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Expecting more of students with disabilities

Stacey Smith is an Oakland school district parent and volunteer who has served on the District GATE Advisory Committee, the school board’s Special Committee on School Based Management, and the Community Advisory Committee for Special Education. What she writes about does not reflect the view of any group.

“State should expect more of students with disabilities, say federal officials”

That’s the headline from a front-page San Francisco Chronicle story about how California schools have lowered academic expectations for special education students statewide by over-using the simplified California Modified Assessment (CMA) rather than using the regular California Standard Tests (CST).

The CMAs and CSTs are two standardized tests California students in grades 3-11 take annually. The U.S. Department of Education has expressed concern that California uses the CMAs more than twice as often as recommended by federal guidelines. According to the feds, the rate of special education students taking the CMAs should be 2 percent of the total student population and only 20 percent of the special education population.

How is OUSD doing? In 2011-12, Oakland reported that 7 percent of the district’s population enrolled in grades 3-11 took the CMAs for English Language Arts (ELA), more than three times the expected rate.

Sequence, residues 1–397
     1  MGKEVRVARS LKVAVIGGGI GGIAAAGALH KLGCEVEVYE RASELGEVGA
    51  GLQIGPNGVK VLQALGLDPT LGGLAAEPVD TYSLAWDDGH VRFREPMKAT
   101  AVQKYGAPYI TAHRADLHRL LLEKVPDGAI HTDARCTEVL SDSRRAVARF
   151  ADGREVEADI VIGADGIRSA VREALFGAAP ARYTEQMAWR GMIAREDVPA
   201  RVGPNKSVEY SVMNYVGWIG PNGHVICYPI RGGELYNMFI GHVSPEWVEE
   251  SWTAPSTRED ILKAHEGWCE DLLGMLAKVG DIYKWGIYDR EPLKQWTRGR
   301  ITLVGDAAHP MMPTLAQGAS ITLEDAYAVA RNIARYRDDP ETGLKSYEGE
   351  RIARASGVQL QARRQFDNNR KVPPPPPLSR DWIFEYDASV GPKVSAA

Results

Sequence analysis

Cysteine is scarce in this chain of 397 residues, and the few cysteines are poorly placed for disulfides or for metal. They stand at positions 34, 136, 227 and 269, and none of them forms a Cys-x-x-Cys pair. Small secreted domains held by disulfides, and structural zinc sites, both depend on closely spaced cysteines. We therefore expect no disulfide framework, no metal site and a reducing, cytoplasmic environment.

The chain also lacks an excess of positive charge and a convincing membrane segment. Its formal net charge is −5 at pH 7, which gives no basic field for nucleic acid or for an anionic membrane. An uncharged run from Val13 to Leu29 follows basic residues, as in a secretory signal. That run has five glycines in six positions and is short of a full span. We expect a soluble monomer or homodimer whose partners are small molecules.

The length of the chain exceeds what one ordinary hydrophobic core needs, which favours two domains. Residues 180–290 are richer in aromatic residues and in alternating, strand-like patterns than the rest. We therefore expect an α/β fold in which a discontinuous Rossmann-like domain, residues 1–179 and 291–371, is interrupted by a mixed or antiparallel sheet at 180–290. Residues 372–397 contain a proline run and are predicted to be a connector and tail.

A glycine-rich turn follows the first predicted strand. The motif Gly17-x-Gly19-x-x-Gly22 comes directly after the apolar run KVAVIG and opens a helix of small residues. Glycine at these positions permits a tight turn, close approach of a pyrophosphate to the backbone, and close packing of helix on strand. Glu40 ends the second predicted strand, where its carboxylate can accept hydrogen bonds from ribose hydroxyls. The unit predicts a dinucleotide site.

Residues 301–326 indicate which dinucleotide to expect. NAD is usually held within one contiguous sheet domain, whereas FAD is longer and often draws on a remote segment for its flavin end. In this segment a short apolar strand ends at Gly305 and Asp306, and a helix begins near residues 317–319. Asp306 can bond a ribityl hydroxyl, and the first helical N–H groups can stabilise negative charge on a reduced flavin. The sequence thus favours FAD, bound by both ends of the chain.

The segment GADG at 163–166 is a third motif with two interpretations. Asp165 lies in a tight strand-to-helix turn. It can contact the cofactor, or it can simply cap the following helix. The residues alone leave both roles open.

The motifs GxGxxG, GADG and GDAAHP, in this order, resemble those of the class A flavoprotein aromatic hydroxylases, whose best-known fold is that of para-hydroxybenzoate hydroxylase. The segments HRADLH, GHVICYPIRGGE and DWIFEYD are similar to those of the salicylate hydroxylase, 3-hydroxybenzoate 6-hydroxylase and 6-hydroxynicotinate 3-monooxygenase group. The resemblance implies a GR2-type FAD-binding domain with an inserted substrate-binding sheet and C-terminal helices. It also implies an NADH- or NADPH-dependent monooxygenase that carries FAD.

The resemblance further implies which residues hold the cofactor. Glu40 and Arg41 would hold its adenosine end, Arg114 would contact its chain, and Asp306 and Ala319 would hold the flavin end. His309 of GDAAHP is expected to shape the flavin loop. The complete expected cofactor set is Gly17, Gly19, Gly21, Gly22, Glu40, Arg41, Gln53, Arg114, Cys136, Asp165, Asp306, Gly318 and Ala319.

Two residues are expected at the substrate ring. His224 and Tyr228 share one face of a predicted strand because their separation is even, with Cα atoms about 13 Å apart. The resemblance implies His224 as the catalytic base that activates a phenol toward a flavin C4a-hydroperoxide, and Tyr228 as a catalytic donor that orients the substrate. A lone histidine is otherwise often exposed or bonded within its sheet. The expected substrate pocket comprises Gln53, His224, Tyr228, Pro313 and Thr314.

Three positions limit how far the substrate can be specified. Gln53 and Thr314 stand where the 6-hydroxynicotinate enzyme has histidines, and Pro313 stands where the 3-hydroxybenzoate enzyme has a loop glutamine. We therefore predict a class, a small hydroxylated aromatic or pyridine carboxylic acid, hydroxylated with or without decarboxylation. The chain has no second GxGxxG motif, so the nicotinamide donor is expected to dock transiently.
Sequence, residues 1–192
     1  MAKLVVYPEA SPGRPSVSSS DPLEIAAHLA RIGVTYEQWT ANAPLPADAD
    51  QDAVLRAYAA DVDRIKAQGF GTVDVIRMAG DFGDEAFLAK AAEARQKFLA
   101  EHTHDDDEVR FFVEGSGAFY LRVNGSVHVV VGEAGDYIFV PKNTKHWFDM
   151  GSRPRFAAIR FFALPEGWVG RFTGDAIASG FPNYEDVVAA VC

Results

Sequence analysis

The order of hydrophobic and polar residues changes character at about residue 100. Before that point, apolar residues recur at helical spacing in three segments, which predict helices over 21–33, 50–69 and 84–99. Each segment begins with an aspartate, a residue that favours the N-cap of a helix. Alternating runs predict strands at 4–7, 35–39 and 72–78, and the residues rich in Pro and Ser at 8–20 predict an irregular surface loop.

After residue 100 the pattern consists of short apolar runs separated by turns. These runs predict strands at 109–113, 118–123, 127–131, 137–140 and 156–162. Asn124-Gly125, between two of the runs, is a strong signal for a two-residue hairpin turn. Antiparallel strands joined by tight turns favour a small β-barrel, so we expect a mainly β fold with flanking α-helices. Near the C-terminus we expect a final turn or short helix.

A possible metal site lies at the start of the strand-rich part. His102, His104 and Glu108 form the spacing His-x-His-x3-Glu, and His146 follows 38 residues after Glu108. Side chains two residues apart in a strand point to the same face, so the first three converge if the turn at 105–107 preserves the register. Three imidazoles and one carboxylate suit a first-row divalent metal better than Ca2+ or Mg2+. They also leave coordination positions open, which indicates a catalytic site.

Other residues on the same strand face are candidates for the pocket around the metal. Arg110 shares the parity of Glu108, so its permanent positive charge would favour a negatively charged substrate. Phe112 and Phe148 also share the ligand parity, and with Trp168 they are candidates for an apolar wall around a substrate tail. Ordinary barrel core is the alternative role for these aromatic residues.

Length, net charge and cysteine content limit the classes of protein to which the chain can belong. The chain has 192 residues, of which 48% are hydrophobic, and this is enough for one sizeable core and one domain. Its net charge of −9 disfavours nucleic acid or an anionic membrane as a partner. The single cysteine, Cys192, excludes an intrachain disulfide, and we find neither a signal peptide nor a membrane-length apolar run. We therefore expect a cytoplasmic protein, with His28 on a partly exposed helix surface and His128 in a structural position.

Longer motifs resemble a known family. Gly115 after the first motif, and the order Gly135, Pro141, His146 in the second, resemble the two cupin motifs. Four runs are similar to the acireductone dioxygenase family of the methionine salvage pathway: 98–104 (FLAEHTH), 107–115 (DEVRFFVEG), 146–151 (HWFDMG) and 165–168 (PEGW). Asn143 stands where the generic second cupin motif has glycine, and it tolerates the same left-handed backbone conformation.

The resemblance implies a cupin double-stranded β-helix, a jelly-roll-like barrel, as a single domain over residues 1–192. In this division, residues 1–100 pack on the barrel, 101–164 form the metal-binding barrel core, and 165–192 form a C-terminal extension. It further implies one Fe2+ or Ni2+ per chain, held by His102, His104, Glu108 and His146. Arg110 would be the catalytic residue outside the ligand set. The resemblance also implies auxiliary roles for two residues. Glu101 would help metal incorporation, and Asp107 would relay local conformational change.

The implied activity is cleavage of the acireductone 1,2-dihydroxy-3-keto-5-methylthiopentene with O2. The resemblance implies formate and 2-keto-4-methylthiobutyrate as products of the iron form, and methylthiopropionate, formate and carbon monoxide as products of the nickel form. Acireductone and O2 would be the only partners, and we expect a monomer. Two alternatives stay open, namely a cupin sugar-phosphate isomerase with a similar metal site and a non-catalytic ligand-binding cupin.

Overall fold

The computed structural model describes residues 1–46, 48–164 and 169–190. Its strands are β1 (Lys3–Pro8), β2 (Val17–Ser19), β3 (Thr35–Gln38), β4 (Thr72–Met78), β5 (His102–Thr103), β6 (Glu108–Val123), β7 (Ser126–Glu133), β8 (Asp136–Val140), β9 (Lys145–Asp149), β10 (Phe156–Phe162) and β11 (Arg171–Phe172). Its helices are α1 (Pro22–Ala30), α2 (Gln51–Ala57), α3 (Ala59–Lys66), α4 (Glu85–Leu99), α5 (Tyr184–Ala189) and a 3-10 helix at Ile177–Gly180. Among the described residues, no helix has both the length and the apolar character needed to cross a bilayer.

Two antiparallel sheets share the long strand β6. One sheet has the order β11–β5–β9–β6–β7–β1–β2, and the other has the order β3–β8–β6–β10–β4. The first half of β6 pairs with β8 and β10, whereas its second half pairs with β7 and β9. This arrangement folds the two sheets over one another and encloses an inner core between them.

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2012 STAR test scores for California

The results of 2012 Testing Season are here. They show, grade-level by grade-level and exam by exam, the levels at which students tested this spring: advanced, proficient, basic, below basic, or far below basic.

You’ll find a short story here. On that same page is a database that will let you find your school’s scores and a chart with Alameda County school districts’ results in reading, math, history and science.

In a few weeks, the Academic Performance Index (API)  scores come out, largely based on the numbers reported today.

OUSD’s data department has compiled a dizzying array of spreadsheets, as well as a document from the communications office that highlights the positive notes.

The percentage of Oakland Unified students testing at “proficient” or “advanced” levels remained flat in reading and math (up 1 percentage point in reading, to 45 percent and flat in math, at 45 percent), dipped by two points in history and rose three points in science.

In the document below, OUSD highlighted the positive trends at some schools.

 

OUSD’s test score highlights